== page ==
4 min read


Can Dogs Smell Graves?



4 min read


Can Dogs Smell Graves?


Our canine companions have a shorter lifespan than us, and the very first contact with the fragility of life is often the passing of a beloved pet. There are, however, instances, where the pets are the ones who are left behind. There are numerous stories of dogs who wait by their owner’s graves for days, even months, and many say dogs are mourning the passing of their owner.

This makes everyone sentimental, but people have the tendency to explain animal behavior through human behavioral patterns. In this article, we will explain why some dogs stay at their owners grave and explain the science behind their sense of smell and whether or not dogs can smell graves when they are near a cemetery.


Signs Dogs Can Smell Graves

Most dogs will not have any particular reaction to graves. Some might be interested in things that you can find on graves, like lanterns or various flowers, for instance. Most commonly, dogs will just pass the grave without taking any interest. If the dog’s owner is deceased, however, the dogs might stay near the grave because this is the last spot they smelled the scent of their owner. The signs that can indicate that include:

  • Whining – the dog is distressed because they can smell their owner but can’t find them anywhere. The dog might stay near the grave for as long as they can smell the owner, and even longer, because this is the last spot they caught their scent.

  • Ears dropping – since the dog is distressed, they will often drop their ears and be unwilling to move.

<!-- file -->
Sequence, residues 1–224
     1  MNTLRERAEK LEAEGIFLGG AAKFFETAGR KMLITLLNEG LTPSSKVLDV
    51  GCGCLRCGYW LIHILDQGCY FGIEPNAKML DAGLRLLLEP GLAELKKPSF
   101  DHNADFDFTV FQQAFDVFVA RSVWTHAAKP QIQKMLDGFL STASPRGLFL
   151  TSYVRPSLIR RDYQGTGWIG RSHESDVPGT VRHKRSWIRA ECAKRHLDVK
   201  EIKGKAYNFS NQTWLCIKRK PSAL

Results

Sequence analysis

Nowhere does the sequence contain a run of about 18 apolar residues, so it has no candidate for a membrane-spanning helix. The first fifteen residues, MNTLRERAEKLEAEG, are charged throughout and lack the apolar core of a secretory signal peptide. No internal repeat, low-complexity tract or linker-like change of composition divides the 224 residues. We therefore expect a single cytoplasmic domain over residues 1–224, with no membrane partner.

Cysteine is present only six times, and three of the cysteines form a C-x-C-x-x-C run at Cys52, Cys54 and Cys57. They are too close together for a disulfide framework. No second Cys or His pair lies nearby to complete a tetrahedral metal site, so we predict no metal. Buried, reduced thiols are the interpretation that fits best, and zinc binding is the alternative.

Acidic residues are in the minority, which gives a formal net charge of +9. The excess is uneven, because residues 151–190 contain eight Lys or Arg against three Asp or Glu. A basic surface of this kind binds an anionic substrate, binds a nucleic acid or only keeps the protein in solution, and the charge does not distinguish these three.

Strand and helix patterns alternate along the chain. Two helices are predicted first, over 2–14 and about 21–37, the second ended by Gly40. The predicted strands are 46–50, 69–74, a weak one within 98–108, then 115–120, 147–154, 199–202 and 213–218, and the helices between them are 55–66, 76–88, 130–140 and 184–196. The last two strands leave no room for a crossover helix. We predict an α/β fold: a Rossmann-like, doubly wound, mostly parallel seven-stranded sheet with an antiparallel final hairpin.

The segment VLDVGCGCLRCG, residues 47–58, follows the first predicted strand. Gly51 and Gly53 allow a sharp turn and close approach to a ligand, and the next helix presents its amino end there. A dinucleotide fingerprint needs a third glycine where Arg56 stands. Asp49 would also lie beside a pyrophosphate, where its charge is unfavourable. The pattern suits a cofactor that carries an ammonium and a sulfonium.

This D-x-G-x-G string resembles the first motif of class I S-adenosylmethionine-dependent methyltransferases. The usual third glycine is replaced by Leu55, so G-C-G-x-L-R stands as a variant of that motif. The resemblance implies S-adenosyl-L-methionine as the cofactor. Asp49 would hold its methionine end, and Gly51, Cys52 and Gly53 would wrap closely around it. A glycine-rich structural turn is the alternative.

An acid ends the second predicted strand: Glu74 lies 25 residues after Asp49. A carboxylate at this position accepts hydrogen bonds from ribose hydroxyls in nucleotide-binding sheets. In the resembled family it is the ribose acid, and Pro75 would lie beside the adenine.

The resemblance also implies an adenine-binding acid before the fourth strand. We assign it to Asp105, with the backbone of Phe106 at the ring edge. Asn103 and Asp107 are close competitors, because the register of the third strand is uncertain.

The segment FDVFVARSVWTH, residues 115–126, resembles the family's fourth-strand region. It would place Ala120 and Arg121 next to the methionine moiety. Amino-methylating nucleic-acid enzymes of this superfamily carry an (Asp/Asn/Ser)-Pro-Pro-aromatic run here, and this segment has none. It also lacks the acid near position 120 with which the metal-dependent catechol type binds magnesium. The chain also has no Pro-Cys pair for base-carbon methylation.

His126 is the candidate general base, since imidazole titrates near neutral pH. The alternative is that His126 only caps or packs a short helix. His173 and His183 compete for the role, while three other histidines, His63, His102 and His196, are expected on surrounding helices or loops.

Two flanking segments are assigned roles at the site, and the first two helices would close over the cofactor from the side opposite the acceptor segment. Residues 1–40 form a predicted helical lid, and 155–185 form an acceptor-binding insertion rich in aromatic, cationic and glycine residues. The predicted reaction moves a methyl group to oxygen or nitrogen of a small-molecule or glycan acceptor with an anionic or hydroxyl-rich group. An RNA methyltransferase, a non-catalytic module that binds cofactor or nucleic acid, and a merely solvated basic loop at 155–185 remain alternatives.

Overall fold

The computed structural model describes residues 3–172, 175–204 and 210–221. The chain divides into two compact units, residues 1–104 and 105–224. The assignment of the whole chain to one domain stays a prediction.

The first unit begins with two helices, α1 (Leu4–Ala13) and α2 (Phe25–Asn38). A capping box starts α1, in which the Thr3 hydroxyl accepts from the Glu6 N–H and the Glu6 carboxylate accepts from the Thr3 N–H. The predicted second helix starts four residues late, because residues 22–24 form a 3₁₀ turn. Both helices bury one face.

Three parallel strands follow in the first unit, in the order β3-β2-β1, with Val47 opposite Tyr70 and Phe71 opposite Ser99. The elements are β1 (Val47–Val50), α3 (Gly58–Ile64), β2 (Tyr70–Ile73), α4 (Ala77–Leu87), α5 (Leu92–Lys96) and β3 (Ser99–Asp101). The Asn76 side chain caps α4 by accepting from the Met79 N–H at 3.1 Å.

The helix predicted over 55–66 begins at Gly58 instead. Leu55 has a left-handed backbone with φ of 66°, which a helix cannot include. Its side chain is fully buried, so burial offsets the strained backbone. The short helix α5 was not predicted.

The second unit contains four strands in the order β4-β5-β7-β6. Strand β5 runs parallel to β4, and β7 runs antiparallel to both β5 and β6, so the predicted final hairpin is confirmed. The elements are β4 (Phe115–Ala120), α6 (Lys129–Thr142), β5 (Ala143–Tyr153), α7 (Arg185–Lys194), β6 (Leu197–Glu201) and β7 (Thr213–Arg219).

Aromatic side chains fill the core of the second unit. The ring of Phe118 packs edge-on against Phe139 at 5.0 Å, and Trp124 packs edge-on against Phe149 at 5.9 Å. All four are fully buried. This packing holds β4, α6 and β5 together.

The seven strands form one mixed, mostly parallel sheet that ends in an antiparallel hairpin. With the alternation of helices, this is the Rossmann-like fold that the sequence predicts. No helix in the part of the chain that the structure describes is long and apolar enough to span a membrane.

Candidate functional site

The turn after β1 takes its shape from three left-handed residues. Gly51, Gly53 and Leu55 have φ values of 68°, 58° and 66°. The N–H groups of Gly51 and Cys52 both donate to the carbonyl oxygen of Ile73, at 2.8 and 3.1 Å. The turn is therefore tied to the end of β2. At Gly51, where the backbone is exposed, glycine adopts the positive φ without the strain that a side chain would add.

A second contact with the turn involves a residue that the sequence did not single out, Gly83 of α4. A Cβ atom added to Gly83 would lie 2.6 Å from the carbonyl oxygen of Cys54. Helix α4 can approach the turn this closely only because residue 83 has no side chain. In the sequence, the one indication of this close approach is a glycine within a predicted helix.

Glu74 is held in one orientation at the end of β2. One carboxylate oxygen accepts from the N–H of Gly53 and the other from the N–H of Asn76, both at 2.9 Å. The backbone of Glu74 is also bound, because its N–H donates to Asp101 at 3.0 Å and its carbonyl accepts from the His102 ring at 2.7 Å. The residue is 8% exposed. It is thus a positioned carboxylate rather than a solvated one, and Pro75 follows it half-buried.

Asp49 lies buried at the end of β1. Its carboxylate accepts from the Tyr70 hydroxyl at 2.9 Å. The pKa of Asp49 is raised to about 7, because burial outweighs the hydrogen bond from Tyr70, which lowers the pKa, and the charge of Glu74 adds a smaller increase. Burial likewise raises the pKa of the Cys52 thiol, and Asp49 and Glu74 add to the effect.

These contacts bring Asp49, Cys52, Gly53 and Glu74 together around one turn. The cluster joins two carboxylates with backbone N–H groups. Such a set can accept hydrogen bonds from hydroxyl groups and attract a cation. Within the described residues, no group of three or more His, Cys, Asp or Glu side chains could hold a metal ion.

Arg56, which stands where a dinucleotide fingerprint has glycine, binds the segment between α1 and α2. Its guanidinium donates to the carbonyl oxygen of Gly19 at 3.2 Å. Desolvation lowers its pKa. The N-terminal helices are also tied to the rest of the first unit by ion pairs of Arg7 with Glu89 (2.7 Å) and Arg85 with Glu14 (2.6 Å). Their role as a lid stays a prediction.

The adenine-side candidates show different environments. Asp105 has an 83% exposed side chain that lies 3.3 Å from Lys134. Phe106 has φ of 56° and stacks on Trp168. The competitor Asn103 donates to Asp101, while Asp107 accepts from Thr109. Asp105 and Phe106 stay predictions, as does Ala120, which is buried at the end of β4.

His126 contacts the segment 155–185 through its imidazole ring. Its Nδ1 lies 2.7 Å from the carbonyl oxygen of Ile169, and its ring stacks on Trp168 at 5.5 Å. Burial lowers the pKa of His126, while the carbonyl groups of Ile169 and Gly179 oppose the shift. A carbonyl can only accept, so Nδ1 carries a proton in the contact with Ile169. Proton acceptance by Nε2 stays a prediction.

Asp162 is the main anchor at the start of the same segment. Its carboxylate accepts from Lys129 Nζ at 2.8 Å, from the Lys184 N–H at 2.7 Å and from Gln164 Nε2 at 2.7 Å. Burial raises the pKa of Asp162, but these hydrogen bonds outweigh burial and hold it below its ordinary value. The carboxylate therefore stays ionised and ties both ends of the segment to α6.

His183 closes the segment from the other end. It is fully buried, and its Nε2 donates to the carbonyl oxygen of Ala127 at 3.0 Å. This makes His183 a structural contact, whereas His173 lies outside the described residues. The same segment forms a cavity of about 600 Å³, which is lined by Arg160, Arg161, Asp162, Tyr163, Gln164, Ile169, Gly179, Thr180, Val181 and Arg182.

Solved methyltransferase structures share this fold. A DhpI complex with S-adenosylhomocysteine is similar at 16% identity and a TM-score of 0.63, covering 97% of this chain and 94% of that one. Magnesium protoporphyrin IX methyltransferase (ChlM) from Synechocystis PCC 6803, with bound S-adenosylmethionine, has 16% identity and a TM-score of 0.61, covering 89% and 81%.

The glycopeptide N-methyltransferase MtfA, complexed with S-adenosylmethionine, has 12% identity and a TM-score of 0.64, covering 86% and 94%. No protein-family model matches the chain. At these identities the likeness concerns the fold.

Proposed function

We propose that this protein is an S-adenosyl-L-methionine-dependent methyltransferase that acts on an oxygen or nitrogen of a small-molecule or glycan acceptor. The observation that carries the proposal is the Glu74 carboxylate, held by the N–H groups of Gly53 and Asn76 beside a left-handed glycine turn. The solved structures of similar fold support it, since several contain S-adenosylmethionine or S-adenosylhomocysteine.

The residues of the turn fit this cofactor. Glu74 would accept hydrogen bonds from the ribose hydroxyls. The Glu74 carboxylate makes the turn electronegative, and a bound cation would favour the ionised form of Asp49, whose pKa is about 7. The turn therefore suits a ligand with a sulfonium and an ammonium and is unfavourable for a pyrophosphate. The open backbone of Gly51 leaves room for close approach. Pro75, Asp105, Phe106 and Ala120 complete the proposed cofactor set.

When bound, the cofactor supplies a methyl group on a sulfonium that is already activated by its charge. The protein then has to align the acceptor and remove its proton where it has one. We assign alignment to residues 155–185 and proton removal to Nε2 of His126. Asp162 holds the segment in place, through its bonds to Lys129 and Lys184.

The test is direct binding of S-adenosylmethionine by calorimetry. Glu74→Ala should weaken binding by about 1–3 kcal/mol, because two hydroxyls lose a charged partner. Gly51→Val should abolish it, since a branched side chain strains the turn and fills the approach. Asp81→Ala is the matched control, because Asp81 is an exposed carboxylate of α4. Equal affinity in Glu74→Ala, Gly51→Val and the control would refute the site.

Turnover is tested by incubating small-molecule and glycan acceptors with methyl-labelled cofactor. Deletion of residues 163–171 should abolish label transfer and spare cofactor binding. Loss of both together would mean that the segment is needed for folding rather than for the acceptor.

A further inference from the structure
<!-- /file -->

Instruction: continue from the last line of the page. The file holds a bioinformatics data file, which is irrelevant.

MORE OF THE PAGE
• Guarding – the dog will not move from the grave and will come back as soon as they can. They might even react aggressively to anyone who tries to get close.

  • Pacing – the dog might pace around the grave, or even try to dig in an effort to find the owner.

The dog might also show other signs, like loss of appetite, aggression when you try to get them away from the grave, depression and anxiety symptoms, and more.

Body Language

Signs a dog smells something familiar at a grave include:

  • Whining
  • Guarding
  • Ears Drop
  • Pacing

Other Signs

More clues that indicate the smell of a grave is interesting to a dog are:

  • Unwilling To Leave
  • Laying On The Grave
  • Frantic Behavior

History of Dogs Smelling Graves


Probably the most famous example of a mourning dog is an Akita called Hachikō that lived in Japan during the 1930s. He became a national sensation after his owner died and Hachikō kept coming to the local train station where he met his owner every single day after work. The dog would wait for the owner for hours, only to return home without him. Hachikō did this for the rest of his life, for a full decade after his owner died.

There are many instances of such loyalty in dogs, like the Russian dog that appeared in the local hospital where her owner died 2 years earlier, or Hawkeye, the Labrador Retriever who didn’t want to get away from the coffin of Jon Tumilson, a Navy SEAL, during the whole funeral back in 2011.

Dogs have been our companions for a long time, and as such, have developed a very close bond with us. But are dogs that visit their owners at their graves actually grieving, or is there something else that brings them there?